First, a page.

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9 Myths on How to Beat Jet Lag (+ How to Deal with It)


9 Myths on How to Beat Jet Lag (+ How to Deal with It)

If you’ve ever been on a long-haul flight, chances are you’ve dealt with jet lag. The difficulty sleeping, daytime fatigue, stomach problems, and general “under the weather” feeling all plague hundreds of millions of travelers every year. You wouldn’t be alone if you’ve wondered how to beat jet lag.

As with many similar conditions, there are several widespread “tips and tricks” that supposedly remove the side effects. Drinking water, coffee/tea, alcohol, and not sleeping are among the most popular. Reality check: these are pseudo-solutions akin to “sweating out the alcohol” to cure a hangover. They simply do not work.

We have also included a few other “solutions” that people have proposed on how to deal with jet lag that either don’t work, are too expensive, or are simply giant hassles with limited benefits.

Don’t worry though, we’ve got your back with an actual solution: The Flight Pack. Don’t believe us? Keep reading to see why ERW succeeds where the others fail.


The Myths (Not How to Beat Jet Lag)

1. Water

First off, and it may come as a surprise, plain water doesn’t get absorbed as well as other methods of hydration. Even if you try to counter the dehydration that comes with flying by drinking copious amounts of water, you will still end your trip dehydrated! Plus, the change in cabin pressure affects the kidneys, which, combined with the long sitting period, leads to fluid pooling in your lower extremities. Say "hello!" to swollen feet and ankles, as well as constant trips to the bathroom.

2. Coffee & Tea

These two are funny because their supposed benefit, caffeine, actually does more harm than good with jet lag. With their caffeine content, coffee and tea can act as diuretics. This leads to less hydration and more visits to the bathroom. They can also cause caffeine crashes which leave you feeling fatigued and tired.

3. Alcohol

Consuming alcohol inhibits the body’s production of antidiuretic hormones. Which means, you guessed it, frequent trips to the bathroom and loss of fluids. Alcohol is also known to interfere with your deep sleep cycle. This makes time adjustment even harder than normal.

4. Avoiding Sleep

This one has to be the most absurd. It’s claimed that avoiding sleep for a night after you arrive in the new time zone will help you adjust. This just isn’t true, and can, in fact, compound the effects of jet lag during your first few days.


The Hassles and Ineffective Methods on How to Deal with Jet Lag

1. Spa/Bath House

There are some people who swear by going to a bathhouse after a flight to soak and relax. They claim that it has helped them to deal with jet lag, but there has been no scientific proof of this. It may be nice to visit a sauna or bathhouse after an overseas flight, but it probably won’t do much to help you adjust your body.

2. IV Therapy

IV therapy has been suggested as a way for people to get hydrated after a long flight. The problem with it though is that they can cost anywhere from $100 to $200 per administration, which is unbelievably expensive. It can also be difficult to even find a wellness clinic that offers it at your destination.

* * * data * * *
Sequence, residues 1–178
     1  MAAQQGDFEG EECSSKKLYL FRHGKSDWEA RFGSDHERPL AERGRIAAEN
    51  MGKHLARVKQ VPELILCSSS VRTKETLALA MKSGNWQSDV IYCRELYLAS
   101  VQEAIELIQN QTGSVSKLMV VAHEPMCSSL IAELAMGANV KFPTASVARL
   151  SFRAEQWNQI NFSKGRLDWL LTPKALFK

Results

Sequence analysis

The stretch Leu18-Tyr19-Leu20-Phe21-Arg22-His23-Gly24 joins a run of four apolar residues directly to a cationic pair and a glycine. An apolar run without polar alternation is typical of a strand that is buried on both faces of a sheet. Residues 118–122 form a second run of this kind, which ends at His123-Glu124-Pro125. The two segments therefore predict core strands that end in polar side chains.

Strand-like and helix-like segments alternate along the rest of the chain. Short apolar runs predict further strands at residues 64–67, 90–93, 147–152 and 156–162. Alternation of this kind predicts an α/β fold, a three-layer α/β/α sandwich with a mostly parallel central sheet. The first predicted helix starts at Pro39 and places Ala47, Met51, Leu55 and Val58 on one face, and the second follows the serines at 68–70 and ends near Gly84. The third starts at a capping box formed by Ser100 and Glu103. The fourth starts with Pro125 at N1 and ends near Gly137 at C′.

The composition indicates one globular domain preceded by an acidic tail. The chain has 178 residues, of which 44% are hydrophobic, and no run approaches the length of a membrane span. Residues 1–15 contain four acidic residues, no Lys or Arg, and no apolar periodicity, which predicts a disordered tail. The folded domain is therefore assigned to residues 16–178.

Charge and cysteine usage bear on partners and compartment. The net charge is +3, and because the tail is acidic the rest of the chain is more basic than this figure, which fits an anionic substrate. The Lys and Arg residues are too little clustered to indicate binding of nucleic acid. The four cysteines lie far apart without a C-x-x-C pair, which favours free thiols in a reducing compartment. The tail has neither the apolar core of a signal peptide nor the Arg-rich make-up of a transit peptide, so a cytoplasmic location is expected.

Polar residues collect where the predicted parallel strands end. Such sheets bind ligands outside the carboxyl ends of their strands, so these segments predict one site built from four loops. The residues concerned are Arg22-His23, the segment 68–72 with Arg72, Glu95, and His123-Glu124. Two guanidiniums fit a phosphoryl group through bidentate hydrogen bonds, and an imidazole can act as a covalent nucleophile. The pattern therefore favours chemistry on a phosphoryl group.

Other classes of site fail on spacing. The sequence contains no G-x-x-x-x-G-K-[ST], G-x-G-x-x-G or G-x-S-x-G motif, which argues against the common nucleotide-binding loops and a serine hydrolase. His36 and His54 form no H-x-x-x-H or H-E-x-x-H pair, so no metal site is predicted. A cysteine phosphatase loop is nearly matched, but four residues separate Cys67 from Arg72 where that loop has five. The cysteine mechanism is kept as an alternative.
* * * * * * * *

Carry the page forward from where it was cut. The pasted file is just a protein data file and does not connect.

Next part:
3. Massage/Compression

While a good massage is always relaxing, it has no real benefit in countering jet lag. Yes, your body, especially your lower limbs, can get swollen from sitting for so long on an airplane, but this has nothing to do with jet lag. So, feel free to get a message to relax, but don’t turn to it for a solution on how to deal with jet lag.

4. Hyperbaric Chamber

The pressurized nature of cabins on airplanes can cause people to become deprived of oxygen. A hyperbaric chamber is an enclosed space that is saturated with oxygen. It has been offered as a way to replenish your body with oxygen after a long flight.

The cost of just one session, about an hour, is $200. Even if you were willing to pay that kind of money for this service, it can be very difficult to find a place that has one where you’re going. On top of this, replenishing your oxygen is beneficial, but will not do a lot when it comes to how to deal with jet lag and its symptoms.

5. Ubiquinol

Ubiquinol is a reduced form of an enzyme that is naturally produced in our bodies. It is an antioxidant supplement used to protect the body from oxidative stress. As you age, your body produces less and less of it naturally.

While it may be a good idea to use it in your regular life as a dietary supplement, it is not really a solution for jet lag. It does nothing to regulate your Circadian Rhythm and has not benefit with hydration, which are two major problems that need to be addressed if you are to tackle jet lag.

Proven Solution: The Flight Pack

ERW offers a simple solution on how to beat jet lag; The Flight Pack. Just drink each bottle at a specific point in your journey and enjoy jet-lag-free travel. It’s as easy as PREP, REST & WAKE.

  • PREP: Think of PREP as “super-hydration”.You drink it right before your flight to fill your body up with essential vitamins and minerals. This will be essential in combating jet lag. It basically prepares you to board your flight.
  • REST: REST helps you enter a state of relaxation and make sure your body gets optimal conditions for quality sleep and recovery. You can either consume it during your flight or at your hotel. You’ll enjoy the soothing benefits and quality sleep no matter which one you choose.
  • WAKE: WAKE gets you ready for your first day at your destination. It. Will help you focus on your preparations for today’s meeting or re-energize after a long flight